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How to Make Hard Apple Cider

Brewing hard cider from nonalcoholic, or “sweet” cider, is a simple process, and the inebriating end product is as delicious as it is intoxicating. Here are the steps you’ll follow to make hard cider of your own.

| Fall 2017

  • For the best hard cider, use freshly pressed sweet apple cider.
    Photo by Adobe Stock/Thomas Oswald
  • ‘Harrison’ makes a dark drink that leaves a memorable sensation in the mouth. This cultivar’s rich juice will produce the quintessential North American cider on its own or when combined with the juice of another cider apple. Its dense, yellow flesh yields a high volume of juice when pressed. The volume produced by ‘Harrison’ has been measured at 18 percent higher than that yielded by an equal amount of ‘Winesap’ fruit.
    Photo by The Design Group
  • ‘Roxbury Russet’ is likely the oldest named North American apple cultivar, dating back to the mid-1600s. These trees bear an all-purpose fruit that’s well-suited to cider-making, with coarse flesh that’s more sweet than tart when fully ripe. The juice of ‘Roxbury Russet’ contains nearly 13 percent sugar, which will ferment to 6 percent alcohol in hard cider. This fruit is fine in desserts and retains its flavor well when dried.
    Photo by The Design Group
  • ‘Winesap’ was first described as one of the best apples for cider in 1804, and now dozens of strains exist. This long-keeping apple is sweet, crisp, and aromatic. The versatile fruit is also a fine dessert apple and is delicious in brandy, applesauce, and apple butter. Standard rootstock trees will grow vigorously, reaching as high as 30 feet tall and producing heavy crops — as many as 100 bushels in a single season.
    Photo by The Design Group
  • ‘Grimes Golden’ is believed to be a parent of ‘Golden Delicious.’ Popular for making brandy and cider because of its high sugar content of 18.8 percent, ‘Grimes Golden’ juice will ferment to 9 percent alcohol in hard cider. The apple’s crisp flesh has a spicy, sweet flavor. Only an average keeper, this cider apple cultivar is moderately susceptible to common apple diseases.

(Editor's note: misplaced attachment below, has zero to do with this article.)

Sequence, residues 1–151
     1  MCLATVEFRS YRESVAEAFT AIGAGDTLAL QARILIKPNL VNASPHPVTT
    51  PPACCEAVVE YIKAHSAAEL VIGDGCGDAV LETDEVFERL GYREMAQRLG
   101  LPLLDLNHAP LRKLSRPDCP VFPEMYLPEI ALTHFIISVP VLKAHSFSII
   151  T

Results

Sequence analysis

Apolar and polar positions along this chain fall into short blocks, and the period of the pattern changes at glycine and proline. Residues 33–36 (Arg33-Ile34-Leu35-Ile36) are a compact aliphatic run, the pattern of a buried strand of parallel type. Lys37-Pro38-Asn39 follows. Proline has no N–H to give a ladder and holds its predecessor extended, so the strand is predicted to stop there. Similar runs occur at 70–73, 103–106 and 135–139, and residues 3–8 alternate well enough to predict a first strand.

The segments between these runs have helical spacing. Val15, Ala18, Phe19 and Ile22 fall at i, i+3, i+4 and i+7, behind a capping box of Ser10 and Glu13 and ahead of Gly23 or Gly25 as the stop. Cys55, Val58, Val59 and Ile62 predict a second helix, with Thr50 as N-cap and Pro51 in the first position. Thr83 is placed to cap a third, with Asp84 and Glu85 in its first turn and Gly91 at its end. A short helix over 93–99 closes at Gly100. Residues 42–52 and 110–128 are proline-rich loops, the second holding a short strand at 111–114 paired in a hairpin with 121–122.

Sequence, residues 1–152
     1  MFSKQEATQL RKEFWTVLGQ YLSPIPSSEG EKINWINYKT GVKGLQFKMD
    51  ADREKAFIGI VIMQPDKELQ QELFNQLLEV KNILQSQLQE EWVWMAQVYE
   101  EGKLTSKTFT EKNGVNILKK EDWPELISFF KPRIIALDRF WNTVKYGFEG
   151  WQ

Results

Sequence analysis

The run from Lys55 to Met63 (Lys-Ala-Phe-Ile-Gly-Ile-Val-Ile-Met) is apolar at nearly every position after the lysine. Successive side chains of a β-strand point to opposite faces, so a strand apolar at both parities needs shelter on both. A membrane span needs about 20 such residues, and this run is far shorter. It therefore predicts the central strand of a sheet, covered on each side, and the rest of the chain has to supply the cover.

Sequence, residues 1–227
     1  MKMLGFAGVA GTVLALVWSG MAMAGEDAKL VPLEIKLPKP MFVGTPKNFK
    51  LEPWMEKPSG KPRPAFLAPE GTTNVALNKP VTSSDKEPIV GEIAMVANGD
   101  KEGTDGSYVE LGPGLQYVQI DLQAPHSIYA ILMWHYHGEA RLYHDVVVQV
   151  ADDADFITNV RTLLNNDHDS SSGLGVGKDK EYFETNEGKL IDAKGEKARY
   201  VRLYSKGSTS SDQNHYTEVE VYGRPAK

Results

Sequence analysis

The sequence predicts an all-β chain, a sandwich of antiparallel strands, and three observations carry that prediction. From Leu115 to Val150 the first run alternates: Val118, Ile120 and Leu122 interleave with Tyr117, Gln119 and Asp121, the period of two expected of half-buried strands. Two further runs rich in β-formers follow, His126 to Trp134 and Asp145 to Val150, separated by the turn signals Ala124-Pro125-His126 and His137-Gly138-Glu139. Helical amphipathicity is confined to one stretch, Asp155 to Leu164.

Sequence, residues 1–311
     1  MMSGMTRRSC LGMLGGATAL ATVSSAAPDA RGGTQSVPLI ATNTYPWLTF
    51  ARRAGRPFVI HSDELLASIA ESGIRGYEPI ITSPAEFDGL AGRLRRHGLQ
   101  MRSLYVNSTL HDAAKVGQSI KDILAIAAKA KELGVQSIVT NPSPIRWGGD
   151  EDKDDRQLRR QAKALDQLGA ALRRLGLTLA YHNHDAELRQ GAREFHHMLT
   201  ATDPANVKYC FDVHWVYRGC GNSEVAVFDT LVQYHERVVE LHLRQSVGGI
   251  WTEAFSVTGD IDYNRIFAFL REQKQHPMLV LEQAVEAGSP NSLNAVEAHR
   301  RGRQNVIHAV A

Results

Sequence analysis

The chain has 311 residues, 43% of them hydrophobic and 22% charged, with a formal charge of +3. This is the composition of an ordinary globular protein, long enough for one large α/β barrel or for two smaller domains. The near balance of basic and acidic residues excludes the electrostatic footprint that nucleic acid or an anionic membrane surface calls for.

Photo by The Design Group
  • ‘Arkansas Black’ is suited to fresh eating, cooking, and cider-making. This 19th-century cultivar produces fruit that’s very hard — an excellent storage quality in an apple. The yellow flesh is firm and crisp with a distinctive flavor that’s enhanced after a few months in storage. ‘Arkansas Black’ is resistant to most major diseases, but it’s vulnerable to apple scab and fire blight.
    Photo by The Design Group
  • ‘Goldrush’ is a dessert apple that has become the darling of professional cider makers. Developed in 1972 at Purdue University, ‘GoldRush’ exhibits a sweet-tart flavor and is a long keeper. The flesh is high in acid and sugar, with a rich, spicy flavor that improves in storage. ‘GoldRush’ trees are prone to cedar apple rust, but they’re highly resistant to powdery mildew and apple scab disease.
    Photo by The Design Group
  • An airlock, such as this three-piece unit, allows carbon dioxide to escape from your fermentation bucket without letting in any air that could contaminate your cider.
    Photo by Getty Images/Dankuhs
  • With a few extra steps and a bit more time, you can add fizz to a "still" cider to create a "sparkling" cider.
    Photo by Adobe Stock/Springfield Gallery
  • An example of the equipment you'll need for making your own hard cider.
    Photo by Matthew T. Stallbaumer
  • Brewing and bottling your own hard cider is a rewarding experience that you can share with friends and family.
    Photo by Adobe Stock/Africa Studio

Brewing hard cider from nonalcoholic, or “sweet” cider, is a simple process, and the inebriating end product is as delicious as it is intoxicating. Here are the steps you’ll follow to make hard cider of your own.